What Analytics Training do I need?
“Success is a group project. When outliers become outliers it’s not just because of their own efforts. It is because of the contribution of lots of different people” – Malcolm Gladwell
Advanced analytics is booming. Successful companies have realised that a data driven approach to decision making leads to improvements in processes and outcomes. Leaders in analytics are finding a significant return on investment from their analytics projects and strategies.
However, there is a large analytics skills gap – not enough people have the right skills to drive analytics to the heart of business decision making. We know that analytics works – how do we make it work for us?
There is no one size fits all approach to analytics training. Different people in different organisations have different requirements.
However, there are some tools that you can use to guide you on your journey. This article is a collection of tools that you can use to assess what training is right for you.
Business – Analytics – Business Analytics
All analytics projects start with a business problem. We have customers that we want to keep or devices that we need to service. Different business problems require different analytical approaches – many require different types of analyst.
We can think of analytics expertise as falling into 4 quadrants:
Being an analytics guru requires deep industry knowledge and extensive knowledge of statistical techniques. However, not everyone needs to be an analytics guru. Some people need to know just enough analytics to ask the right sorts of questions of analysts or consulting companies. Being an analytics manager or a project manager on an analytics project requires a very different skillset to being an analyst.
Take a step back and think about where you need to be in terms of the balance between business skills and experience and statistical techniques. Remember also that business knowledge is not just knowledge of a particular line of business but a broader knowledge of business processes, change management and domain expertise.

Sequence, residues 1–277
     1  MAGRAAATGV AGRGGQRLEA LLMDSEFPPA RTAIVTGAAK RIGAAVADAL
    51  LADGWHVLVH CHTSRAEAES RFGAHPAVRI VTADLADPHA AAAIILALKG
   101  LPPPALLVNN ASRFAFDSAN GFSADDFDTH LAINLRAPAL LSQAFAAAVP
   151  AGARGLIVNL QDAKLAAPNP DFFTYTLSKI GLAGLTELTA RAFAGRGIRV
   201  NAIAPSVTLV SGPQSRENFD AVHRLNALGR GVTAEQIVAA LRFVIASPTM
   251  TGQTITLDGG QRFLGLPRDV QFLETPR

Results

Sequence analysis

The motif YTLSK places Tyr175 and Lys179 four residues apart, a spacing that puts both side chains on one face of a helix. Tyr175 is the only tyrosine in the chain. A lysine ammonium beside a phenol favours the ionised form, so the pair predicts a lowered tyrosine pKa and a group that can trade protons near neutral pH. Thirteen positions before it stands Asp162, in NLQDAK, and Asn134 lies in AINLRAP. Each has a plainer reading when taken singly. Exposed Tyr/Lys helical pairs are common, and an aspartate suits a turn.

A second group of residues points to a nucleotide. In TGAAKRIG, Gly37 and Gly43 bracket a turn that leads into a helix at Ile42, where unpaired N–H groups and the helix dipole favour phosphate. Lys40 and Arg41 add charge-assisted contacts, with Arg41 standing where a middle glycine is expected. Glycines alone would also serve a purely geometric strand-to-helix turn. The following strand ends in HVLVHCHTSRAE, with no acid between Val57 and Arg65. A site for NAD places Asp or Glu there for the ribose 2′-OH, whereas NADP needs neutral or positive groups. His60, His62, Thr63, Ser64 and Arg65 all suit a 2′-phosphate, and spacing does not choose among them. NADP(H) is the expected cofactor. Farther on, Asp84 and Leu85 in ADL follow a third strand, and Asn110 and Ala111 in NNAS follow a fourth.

There are certain key skills that enable us to become better at what we do. Every toolbox needs a hammer – just as every analyst needs to be able to read SQL. However, different job types require different expertise – an Analytics project manager may need to be familiar with Prince II and Agile methodologies as well as the CRISP-DM data mining framework.
The following scatterplot situates some of these key skills on our Analytics Expertise Quadrant:
Think again about what kind of analyst you want to become. There may be some foundational technical skills that you need to move from a starter to a statistical analyst. However, business skills such as change management are key to growing into an analytics guru.
3 Stages of Growth
We can think of our growth as analysts at 3 different stages. Each stage of growth requires a different training intervention:
Ways of Learning
We are all different. It should be no surprise that we all have different ways of learning. Some of us prefer to learn in groups, others prefer to learn alone. Some people prefer to know the theory first while others prefer to just apply a set of tools to solve a problem.
Considerations of how we learn are important in assessing the best training for our own needs. We can think of learning styles as being abstract versus concrete and theoretical versus applied.
Think about how you like to learn – that will guide the best type of training for you.
Praxis Makes Perfect
Ancient Greek philosophers defined praxis as the process by which a lesson is applied. They believed that we do not learn just by taking in knowledge but by acting out this knowledge on the world. Tony Wilson of Factory Records defined praxis as “doing something, and then only afterwards, finding out why you did it!”
In analytics praxis makes perfect! We learn analytics best by doing analytics. Make sure that any training that you undertake is associated with a project or task though which you can practice your mastery. Remember – analytics isn’t just about doing analysis it’s about analysis in a business setting.
At each stage of the learning practice task may be most appropriate:
Gap Analysis Framework
A gap analysis of areas for improvement may help you to design the best training plan for your situation.
Think about the gaps under the headings that we have discussed:
A sample analysis is presented for your reference:
What’s best for me?
Our training needs are multi-faceted. There is no one way to become a better analyst. Different roles require different skillsets and as we mature our skills requirements change. Classroom training is not always the right answer to your training need. Sometimes a one to one training session with a skilled analyst or a long term mentoring program may be the best value for you and your organisation.
We recommend that you take the framework applied in this article and think about how it fits your situation. Once you have done this talk to internal and external experts to put in place a plan that fits your needs.